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Proceedings Paper

Unsupervised nonlinear dimensionality reduction machine learning methods applied to multiparametric MRI in cerebral ischemia: preliminary results
Author(s): Vishwa S. Parekh; Jeremy R. Jacobs; Michael A. Jacobs
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Paper Abstract

The evaluation and treatment of acute cerebral ischemia requires a technique that can determine the total area of tissue at risk for infarction using diagnostic magnetic resonance imaging (MRI) sequences. Typical MRI data sets consist of T1- and T2-weighted imaging (T1WI, T2WI) along with advanced MRI parameters of diffusion-weighted imaging (DWI) and perfusion weighted imaging (PWI) methods. Each of these parameters has distinct radiological-pathological meaning. For example, DWI interrogates the movement of water in the tissue and PWI gives an estimate of the blood flow, both are critical measures during the evolution of stroke. In order to integrate these data and give an estimate of the tissue at risk or damaged; we have developed advanced machine learning methods based on unsupervised non-linear dimensionality reduction (NLDR) techniques. NLDR methods are a class of algorithms that uses mathematically defined manifolds for statistical sampling of multidimensional classes to generate a discrimination rule of guaranteed statistical accuracy and they can generate a two- or three-dimensional map, which represents the prominent structures of the data and provides an embedded image of meaningful low-dimensional structures hidden in their high-dimensional observations. In this manuscript, we develop NLDR methods on high dimensional MRI data sets of preclinical animals and clinical patients with stroke. On analyzing the performance of these methods, we observed that there was a high of similarity between multiparametric embedded images from NLDR methods and the ADC map and perfusion map. It was also observed that embedded scattergram of abnormal (infarcted or at risk) tissue can be visualized and provides a mechanism for automatic methods to delineate potential stroke volumes and early tissue at risk.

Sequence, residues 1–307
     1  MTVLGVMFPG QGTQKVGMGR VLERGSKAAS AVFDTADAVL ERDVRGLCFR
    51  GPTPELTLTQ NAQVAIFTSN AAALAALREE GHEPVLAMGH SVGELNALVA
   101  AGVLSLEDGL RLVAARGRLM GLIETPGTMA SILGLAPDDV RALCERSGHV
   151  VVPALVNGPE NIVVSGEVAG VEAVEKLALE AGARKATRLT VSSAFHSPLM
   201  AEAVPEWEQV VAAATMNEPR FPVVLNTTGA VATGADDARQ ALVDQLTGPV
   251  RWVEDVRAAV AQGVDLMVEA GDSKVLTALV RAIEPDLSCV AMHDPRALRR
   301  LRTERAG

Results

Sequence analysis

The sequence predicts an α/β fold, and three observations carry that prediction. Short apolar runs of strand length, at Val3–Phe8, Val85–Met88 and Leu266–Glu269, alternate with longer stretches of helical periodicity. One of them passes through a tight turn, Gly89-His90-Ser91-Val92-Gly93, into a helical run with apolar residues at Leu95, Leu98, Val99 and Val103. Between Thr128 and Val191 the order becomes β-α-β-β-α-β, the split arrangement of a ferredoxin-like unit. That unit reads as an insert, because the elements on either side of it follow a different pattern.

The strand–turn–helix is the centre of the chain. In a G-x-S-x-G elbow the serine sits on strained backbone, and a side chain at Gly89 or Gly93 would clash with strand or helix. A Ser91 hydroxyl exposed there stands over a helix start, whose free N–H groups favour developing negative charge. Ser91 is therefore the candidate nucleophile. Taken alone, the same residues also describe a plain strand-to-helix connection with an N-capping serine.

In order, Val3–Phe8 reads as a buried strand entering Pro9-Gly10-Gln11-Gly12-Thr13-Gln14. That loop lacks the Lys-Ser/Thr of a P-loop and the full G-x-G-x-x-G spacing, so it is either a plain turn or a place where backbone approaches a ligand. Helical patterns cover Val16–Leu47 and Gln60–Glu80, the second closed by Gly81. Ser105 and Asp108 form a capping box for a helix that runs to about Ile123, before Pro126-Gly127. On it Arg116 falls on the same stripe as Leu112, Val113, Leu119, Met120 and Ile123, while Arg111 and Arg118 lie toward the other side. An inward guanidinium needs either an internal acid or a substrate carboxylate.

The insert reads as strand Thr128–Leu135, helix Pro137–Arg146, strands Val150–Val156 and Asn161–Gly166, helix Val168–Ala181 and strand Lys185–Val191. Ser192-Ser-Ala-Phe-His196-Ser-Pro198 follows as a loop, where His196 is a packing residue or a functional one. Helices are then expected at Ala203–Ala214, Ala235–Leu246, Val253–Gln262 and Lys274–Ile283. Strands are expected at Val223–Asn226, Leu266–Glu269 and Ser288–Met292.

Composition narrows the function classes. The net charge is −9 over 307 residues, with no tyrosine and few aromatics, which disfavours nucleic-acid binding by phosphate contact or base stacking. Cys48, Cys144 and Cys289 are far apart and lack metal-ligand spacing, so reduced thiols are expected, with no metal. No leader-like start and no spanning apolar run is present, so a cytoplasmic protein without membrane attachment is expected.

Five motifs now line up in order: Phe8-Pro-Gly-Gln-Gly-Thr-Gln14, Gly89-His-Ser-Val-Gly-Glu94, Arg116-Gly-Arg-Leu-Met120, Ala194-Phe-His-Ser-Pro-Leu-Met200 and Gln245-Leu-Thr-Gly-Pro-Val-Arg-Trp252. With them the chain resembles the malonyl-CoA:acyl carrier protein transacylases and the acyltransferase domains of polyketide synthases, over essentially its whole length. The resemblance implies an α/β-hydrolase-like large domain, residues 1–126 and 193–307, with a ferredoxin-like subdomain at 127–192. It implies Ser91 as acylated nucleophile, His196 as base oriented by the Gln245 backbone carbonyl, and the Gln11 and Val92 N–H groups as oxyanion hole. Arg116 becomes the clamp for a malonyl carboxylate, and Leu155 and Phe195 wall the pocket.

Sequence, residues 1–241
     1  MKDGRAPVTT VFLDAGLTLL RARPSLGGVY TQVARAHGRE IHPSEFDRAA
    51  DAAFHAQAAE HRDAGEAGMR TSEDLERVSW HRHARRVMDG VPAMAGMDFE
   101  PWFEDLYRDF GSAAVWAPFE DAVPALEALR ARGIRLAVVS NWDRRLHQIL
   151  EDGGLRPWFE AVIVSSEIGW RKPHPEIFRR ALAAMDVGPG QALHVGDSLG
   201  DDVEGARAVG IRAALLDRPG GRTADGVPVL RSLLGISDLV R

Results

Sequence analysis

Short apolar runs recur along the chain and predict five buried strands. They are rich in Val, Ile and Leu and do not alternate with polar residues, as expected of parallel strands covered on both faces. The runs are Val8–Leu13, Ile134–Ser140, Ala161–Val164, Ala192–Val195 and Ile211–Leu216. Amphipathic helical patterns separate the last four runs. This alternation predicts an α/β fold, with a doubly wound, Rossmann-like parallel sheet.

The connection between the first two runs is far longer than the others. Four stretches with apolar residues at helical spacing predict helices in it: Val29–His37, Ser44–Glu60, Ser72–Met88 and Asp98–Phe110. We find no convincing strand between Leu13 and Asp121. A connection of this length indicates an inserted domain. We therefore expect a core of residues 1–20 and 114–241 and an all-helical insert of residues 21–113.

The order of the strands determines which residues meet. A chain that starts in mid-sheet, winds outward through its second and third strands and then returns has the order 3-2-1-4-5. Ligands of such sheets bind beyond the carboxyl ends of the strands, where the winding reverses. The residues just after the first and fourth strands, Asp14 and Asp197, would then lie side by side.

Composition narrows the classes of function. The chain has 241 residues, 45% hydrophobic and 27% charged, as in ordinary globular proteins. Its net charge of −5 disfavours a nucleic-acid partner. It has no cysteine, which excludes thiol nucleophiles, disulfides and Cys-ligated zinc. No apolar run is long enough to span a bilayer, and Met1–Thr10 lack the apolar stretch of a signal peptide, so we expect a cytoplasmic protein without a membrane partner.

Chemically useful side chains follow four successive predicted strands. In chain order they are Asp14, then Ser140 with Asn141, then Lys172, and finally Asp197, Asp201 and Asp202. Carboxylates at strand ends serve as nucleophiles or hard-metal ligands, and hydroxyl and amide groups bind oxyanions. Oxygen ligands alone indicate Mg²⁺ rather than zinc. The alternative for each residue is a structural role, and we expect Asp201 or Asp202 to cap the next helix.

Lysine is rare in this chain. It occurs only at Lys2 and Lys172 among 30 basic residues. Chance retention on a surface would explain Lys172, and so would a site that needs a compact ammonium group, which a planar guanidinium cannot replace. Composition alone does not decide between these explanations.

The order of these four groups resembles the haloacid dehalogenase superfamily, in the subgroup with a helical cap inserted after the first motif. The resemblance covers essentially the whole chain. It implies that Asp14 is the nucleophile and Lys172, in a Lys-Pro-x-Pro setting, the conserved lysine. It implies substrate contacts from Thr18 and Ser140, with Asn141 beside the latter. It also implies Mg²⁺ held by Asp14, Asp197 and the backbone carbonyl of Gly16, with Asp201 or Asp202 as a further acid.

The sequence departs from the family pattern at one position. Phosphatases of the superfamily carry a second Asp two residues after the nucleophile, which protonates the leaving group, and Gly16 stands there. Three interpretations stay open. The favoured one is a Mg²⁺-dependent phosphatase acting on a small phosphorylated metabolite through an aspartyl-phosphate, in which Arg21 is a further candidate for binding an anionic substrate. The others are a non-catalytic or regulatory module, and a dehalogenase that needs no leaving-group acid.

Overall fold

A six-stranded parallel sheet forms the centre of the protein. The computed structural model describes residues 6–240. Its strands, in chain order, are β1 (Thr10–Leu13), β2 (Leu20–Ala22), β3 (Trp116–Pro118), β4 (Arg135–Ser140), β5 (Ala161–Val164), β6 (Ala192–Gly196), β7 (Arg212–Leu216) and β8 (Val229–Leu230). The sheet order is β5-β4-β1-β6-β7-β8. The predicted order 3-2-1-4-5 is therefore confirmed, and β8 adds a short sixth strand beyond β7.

Paper Details

Date Published: 21 March 2014
PDF: 9 pages
Proc. SPIE 9034, Medical Imaging 2014: Image Processing, 90342O (21 March 2014); doi: 10.1117/12.2044001
Show Author Affiliations
Vishwa S. Parekh, Johns Hopkins Univ. School of Medicine (United States)
Johns Hopkins Univ. (United States)
Jeremy R. Jacobs, Johns Hopkins Univ. School of Medicine (United States)
Michael A. Jacobs, Johns Hopkins Univ. School of Medicine (United States)


Published in SPIE Proceedings Vol. 9034:
Medical Imaging 2014: Image Processing
Sebastien Ourselin; Martin A. Styner, Editor(s)

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